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There are still plenty of Exquisite Fruit questions to guess. Many of the questions are easy and perhaps don’t require a posting of the answer, but do read through the questions because they are entertaining,

Exquisite High School Students


I recently had the opportunity to lead a group of high school students in some puzzle and game activities. We played some classic packaged games like Set and Squint and then I taught them Exquisite Fruit. As is often the case with newcomers to the game, the students took one round to warm up to the mechanics and then proceeded confidently and enthusiastically. Several students wrote down names of teachers and colleagues on their slips leading to inside references, but I was mainly interested to see the general topics that these teenagers would pick for answers, and the grammatical and editorial approach they would use in forming the questions. I transcribed some of the rounds below. Feel free to post answers in the comments — one answer per commenter, please. Clues with asterisks have been guessed.

1. What is a delicious thick meat fried crunchy baked on a beak and white?
2. Gotta go fast Harrison Ford in Star good person vest with a gun Chewie?
3. What is a warm cozy shirt you wear when it is comfy and warm?
4. Who is this cute snowman that is a dweeb who likes warm hugs stuff?
5. What is a planet by the earth is next month is like cheese in sky?
6. A card game that has ninja panda that is annoying actor that sells cheap?
7. The best holiday full ham food stuffy dinner food yummy gravy and turkey stuffs?
8. What is the big smelly trash car but bigger junk packed vroom vroom vroom?
9. What is the worst and has meaning nothing matters food sleep all day everyday?
* 10. What is the state with snow and colorful scenery right here smoke weed here?
11. Who is the funny guy with bad ugly poophead ugly and can’t be president?
12. Who is a detective that solves mysteries very good thinker and cool as smart?
* 13. Who is the best narrator deep voice snakes plane and Shawshank looks like gold?
14. He comes down the chimney with big chubby belly and cookies of diabetes life?
15. Are they windows can be curious minded looking at one’s retinas and corneas scratched?
16. What is the character a hard exterior body builder can be speedy car?
17. What is the yummy iphone products crushed sauce that is red green crisp?
* 18. Who is the GQ model cry baby football player with nice football player football?
19. What is the colorful stripes of different much color gay pride with color explosion?
20. A horrible movie very terrible breaking dawn that’s Kristen Stewart stupid romance Edward?
21. Is the best patriotic free large US are great free independent outrageous taxes too?
22. What is the spinning circle hip swing fun party around circle big ring sparkly?
* 23. It’s full of naked cats are everywhere my life love Netflix and turkey explore?

Crosswords LA / Henry Hook


I’m a little behind but I wanted to congratulate champion Eric Maddy and finalists Brian Fodera and Jon Berman for their phenomenal performance in the recent Crosswords LA tournament held on the UCLA campus. I also want to thank tournament director Elissa Grossman for her tireless efforts in organizing the tournament and for entrusting me with the “puzzle wrangler” position. The tournament constructors: Andrea Carla Michaels, Patti Varol, Jeffrey Harris, Samuel Donaldson, Trip Payne, Joel Elkins, Ronald Allen, C.C. Burnikel, and Doug Peterson made my job easy. The tournament included a warmup by Marc Spararagen and Dake Shukan and and team puzzle by John Doppler Schiff but the highlight for me (and I apologize if this is a spoiler) was the tribute to Merl Reagle in the form of a tournament puzzle constructed in his style. The reveal of that puzzle elicited murmurs of appreciation and applause for constructor Trip Payne.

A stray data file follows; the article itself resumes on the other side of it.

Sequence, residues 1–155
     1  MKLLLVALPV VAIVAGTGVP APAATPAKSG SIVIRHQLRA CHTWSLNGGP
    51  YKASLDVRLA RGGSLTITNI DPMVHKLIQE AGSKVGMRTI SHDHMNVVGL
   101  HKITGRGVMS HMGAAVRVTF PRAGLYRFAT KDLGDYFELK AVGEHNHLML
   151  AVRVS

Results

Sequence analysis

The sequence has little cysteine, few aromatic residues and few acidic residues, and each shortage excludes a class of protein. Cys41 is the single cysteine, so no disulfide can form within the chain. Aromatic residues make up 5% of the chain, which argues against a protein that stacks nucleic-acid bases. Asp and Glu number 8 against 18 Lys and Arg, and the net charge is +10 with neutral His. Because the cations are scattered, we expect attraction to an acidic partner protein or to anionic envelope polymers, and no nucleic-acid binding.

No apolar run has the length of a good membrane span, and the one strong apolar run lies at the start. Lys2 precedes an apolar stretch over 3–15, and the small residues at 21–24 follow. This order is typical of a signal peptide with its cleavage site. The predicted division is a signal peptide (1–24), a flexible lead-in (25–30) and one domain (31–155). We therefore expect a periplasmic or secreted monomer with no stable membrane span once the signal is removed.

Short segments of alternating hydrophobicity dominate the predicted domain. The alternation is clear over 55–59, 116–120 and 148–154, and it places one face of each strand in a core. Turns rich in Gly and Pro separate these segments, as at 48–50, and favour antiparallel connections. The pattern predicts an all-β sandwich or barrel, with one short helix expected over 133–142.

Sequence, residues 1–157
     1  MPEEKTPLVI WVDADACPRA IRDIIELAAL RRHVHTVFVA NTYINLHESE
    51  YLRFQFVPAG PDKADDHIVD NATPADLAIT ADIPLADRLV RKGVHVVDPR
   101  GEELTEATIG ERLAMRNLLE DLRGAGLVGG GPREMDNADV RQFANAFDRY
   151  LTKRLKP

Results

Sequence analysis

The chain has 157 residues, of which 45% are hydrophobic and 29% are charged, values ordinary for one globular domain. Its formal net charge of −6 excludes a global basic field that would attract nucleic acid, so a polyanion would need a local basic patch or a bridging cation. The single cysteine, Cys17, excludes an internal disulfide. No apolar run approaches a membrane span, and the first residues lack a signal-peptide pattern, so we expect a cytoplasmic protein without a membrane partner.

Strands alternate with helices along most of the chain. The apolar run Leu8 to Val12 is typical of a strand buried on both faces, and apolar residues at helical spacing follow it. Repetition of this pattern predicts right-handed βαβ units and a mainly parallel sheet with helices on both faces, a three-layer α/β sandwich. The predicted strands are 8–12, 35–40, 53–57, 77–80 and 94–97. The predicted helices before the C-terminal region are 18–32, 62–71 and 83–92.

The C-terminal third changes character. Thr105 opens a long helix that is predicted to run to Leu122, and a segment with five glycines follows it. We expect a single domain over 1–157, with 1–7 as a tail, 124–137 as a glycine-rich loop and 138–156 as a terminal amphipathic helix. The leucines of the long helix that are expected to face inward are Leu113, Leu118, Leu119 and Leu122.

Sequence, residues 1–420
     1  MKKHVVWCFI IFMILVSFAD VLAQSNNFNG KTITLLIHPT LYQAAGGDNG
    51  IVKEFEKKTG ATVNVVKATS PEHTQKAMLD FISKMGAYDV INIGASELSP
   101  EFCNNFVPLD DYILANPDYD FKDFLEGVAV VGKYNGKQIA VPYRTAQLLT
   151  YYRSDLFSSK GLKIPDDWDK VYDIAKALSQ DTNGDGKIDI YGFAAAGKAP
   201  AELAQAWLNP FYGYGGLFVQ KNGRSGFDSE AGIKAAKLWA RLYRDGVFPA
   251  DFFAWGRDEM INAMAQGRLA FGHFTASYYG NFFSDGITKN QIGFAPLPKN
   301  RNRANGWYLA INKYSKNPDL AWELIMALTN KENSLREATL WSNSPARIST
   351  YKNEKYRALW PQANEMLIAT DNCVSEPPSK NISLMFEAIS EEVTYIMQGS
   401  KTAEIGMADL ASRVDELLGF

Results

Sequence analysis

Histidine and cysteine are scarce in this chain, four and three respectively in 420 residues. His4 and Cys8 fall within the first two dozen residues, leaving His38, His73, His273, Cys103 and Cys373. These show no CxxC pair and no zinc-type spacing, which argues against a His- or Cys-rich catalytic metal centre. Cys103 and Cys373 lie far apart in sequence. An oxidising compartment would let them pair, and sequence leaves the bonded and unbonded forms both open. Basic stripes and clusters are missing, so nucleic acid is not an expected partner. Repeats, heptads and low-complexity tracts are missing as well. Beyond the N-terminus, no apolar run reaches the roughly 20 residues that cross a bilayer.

On the topic of crossword memorials, I have been reading in social media memories of puzzle genius Henry Hook who passed away this week. Like Merl, Henry was a figure that I didn’t have a strong personal friendship with, but he was a pleasantly familiar byline in my early days of solving Games Magazine. I also remember his game show activities from ACPT, such as a Hollywood Squares game where he put his Games Magazine colleagues on the stage to weigh in on clever trivia questions. Rest in peace, Double-H.



Default: 363528
Default with Spaces: 147435

NOTES: My Notepad additions have been slowing down over the last few months. I guess I’m noticing fewer new names in the news and I’m being more judicious with entries that I encounter in other crossword puzzles. Recent celebrity additions include Estonian tennis star Anett (45) Kontaveit and singer Hailee (50) Steinfeld. I’m also pleased that Desi Lydic (60) has joined Trevor Noah’s team of Daily Show correspondents, though it looks like she will be out on maternity leave shortly. I recently heard a news piece on the food desert (75) situation facing communities that are too rural to have access to grocery stores with fresh produce. And, with the approach of the day that Marty McFly traveled to the then-future in Back to the Future II, I have added Oxboard (70).Sure, they’re not hoverboards but I guess they’re as close as 2015 technology and marketing can get. I do see a lot of youngsters cruising around on them in Downtown Denver.